Gradient checkpointing lets you fit 10x larger neural nets into memory at the cost of an additional 20% computation time. The tools within this package, which is a joint development of Tim Salimans and Yaroslav Bulatov, aids in rewriting TensorFlow model for using less memory.
Computing the gradient of the loss by backpropagation is the memory intensive part of training deep neural networks. By checkpointing nodes in the computation graph defined by your model, and recomputing the parts of the graph in between those nodes during backpropagation, it is possible to calculate this gradient at reduced memory cost. While training deep feed-forward neural networks, which consists of n layers, we can reduce the memory consumption to O(sqrt(n)), at the cost of performing one additional forward pass.
The graph shows the amount of memory used while training TensorFlow official CIFAR10 resnet example with the regular tf.gradients function and the optimized gradient function.
To see how it works, let’s take an example of a simple feed-forward neural network.
In the figure above,
f : The activations of the neural network layers
b : Gradient of the loss with respect to the activations and parameters of these layers
All these nodes are evaluated in order during forward pass and in reversed order during backward pass. The results obtained for ‘f’ nodes are required in order to compute ‘b’ nodes. Hence, after the forward pass, all the f nodes are kept in memory, and can be erased only when backpropagation has progressed far enough to have computed all dependencies, or children, of an f node. This implies that in simple backpropagation, the memory required grows linearly with the number of neural net layers n.
Graph 1: Vanilla Backpropagation
The graph above shows a simple vanilla backpropagation, which computes each node once. However, recomputing the nodes can save a lot of memory. For this, we can simply try recomputing every node from the forward pass as and when required.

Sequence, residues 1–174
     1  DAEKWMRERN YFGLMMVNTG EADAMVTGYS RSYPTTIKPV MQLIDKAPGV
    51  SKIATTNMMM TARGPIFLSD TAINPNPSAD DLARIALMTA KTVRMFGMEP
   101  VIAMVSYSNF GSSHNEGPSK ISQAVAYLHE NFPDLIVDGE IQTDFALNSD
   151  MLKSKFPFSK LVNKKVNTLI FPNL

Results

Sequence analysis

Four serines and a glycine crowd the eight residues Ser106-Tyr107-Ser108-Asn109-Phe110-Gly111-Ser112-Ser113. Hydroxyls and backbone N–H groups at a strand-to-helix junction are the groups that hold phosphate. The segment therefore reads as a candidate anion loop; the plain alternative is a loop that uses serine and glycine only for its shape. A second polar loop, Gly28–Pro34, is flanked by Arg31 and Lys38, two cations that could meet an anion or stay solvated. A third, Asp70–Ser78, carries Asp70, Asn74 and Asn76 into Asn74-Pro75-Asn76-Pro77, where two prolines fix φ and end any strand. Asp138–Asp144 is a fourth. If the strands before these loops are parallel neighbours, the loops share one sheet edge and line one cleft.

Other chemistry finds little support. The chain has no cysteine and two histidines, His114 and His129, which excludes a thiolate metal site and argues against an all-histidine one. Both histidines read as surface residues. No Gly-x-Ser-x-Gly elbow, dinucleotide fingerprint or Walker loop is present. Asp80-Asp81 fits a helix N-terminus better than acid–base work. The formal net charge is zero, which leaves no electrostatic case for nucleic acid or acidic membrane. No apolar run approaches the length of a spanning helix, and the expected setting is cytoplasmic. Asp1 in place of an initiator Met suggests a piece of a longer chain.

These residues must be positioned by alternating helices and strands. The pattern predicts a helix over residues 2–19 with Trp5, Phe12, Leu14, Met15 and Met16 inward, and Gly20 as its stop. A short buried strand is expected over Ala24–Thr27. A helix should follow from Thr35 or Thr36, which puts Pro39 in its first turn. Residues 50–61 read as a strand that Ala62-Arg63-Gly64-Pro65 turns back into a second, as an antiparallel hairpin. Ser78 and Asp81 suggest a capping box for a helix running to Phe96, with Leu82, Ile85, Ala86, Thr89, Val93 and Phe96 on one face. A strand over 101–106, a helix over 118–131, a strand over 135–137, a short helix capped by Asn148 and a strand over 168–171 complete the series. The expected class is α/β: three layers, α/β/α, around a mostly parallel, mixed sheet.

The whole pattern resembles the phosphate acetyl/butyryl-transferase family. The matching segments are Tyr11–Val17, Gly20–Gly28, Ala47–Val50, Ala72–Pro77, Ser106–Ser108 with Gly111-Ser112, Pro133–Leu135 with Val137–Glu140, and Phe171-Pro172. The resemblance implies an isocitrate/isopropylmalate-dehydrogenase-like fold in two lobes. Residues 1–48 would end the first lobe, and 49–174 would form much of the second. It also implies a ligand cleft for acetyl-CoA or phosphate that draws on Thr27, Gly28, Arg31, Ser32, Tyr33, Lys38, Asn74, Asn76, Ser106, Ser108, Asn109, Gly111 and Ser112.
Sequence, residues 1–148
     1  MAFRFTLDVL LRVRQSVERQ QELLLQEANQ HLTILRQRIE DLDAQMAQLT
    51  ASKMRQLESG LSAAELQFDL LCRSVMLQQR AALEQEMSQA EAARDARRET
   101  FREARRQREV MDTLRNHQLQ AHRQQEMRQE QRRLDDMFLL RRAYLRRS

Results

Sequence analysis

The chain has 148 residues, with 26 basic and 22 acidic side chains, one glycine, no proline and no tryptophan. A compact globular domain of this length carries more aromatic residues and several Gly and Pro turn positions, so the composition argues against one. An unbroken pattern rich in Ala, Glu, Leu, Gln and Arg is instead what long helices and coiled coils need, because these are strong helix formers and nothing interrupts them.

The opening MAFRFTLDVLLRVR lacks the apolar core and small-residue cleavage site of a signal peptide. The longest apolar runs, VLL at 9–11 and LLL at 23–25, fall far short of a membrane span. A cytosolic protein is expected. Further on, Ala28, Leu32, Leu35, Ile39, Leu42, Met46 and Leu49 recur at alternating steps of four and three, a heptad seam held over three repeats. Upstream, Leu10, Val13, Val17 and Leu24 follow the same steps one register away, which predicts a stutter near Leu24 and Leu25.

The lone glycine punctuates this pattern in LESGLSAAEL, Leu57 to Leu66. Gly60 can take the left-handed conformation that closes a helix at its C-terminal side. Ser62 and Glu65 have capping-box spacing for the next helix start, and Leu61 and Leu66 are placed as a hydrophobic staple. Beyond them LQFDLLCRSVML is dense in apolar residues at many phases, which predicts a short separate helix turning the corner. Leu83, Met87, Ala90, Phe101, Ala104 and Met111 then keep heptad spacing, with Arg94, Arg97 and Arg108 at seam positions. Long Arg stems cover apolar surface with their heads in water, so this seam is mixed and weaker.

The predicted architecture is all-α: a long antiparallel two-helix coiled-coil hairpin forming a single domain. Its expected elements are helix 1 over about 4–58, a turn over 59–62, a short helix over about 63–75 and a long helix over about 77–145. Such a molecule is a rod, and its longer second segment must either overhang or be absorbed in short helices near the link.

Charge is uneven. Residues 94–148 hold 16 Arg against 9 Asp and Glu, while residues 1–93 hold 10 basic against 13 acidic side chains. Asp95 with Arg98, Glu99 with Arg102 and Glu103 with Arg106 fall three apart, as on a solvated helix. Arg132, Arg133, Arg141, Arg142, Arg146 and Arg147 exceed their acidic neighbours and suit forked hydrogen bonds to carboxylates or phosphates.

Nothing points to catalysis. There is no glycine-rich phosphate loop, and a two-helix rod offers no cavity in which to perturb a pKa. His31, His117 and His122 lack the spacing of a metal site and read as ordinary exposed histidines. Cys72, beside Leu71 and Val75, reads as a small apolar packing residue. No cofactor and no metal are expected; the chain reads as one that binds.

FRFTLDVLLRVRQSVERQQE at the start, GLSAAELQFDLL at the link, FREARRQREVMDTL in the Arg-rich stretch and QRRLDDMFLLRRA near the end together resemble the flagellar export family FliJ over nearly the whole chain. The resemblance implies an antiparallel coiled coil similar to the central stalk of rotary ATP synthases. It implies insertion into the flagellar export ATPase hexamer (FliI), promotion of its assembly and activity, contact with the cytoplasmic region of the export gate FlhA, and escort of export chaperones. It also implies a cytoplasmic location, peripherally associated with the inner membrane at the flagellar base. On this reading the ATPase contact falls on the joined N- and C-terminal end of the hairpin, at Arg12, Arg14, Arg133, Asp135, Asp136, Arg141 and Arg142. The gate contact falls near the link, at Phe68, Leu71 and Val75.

The order of execution, and the memory used, then appear as follows:
Graph 2: Backpropagation with poor memory
By using the strategy above, the memory required to compute gradients in our graph is constant in the number of neural network layers n, which is optimal in terms of memory. However, now the number of node evaluations scales to n^2, which was previously scaled as n. This means, each of the n nodes is recomputed on the order of n times. As a result, the computation graph becomes much slower for evaluating deep networks. This makes the method impractical for use in deep learning.
To strike a balance between memory and computation, OpenAI has come up with a strategy that allows nodes to be recomputed, but not too often. The strategy used here is to mark a subset of the neural net activations as checkpoint nodes.
These checkpoint nodes are kept in memory after the forward pass, while the remaining nodes are recomputed at most once. After recomputation, the non-checkpoint nodes are stored in memory until they are no longer required. For the case of a simple feed-forward neural net, all neuron activation nodes are graph separators or articulation points of the graph defined by the forward pass.
This means, the nodes between a b node and the last checkpoint preceding it need to be recomputed when computing that b node during backprop. When backprop has progressed far enough to reach the checkpoint node, all nodes that were recomputed from it can be erased from memory. The order of computation and memory usage then would appear as:
Graph 3: Checkpointed Backpropagation
Thus, the package implements checkpointed backprop, which is implemented by taking the graph for standard/ vanilla backprop (Graph 1) and automatically rewriting it using the Tensorflow graph editor. For graphs that contain articulation points or single node graph dividers, checkpoints using the sqrt(n) strategy, giving sqrt(n)memory usage for feed-forward networks are automatically selected. For other general graphs that only contain multi-node graph separators, our implementation of checkpointed backprop still works. But currently, the checkpoints have to be selected manually by the user.
Summing up, the biggest advantage of using gradient checkpointing is that it can save a lot of memory for large neural network models. But, this package has some limitations too, which are listed below.
Limitations of gradient checkpointing:
- The provided code does all graph manipulation in python before running your model. This slows down the process for large graphs.
- The current algorithm for automatically selecting checkpoints is purely heuristic and is expected to fail on some models outside of the class that are tested. In such cases manual mode checkpoint selection is preferable.
To know more about gradient checkpointing in detail or to have a further explanation of computation graphs, memory usage, and gradient computation strategies, Yaroslav Bulatov’s medium post on gradient-checkpointing.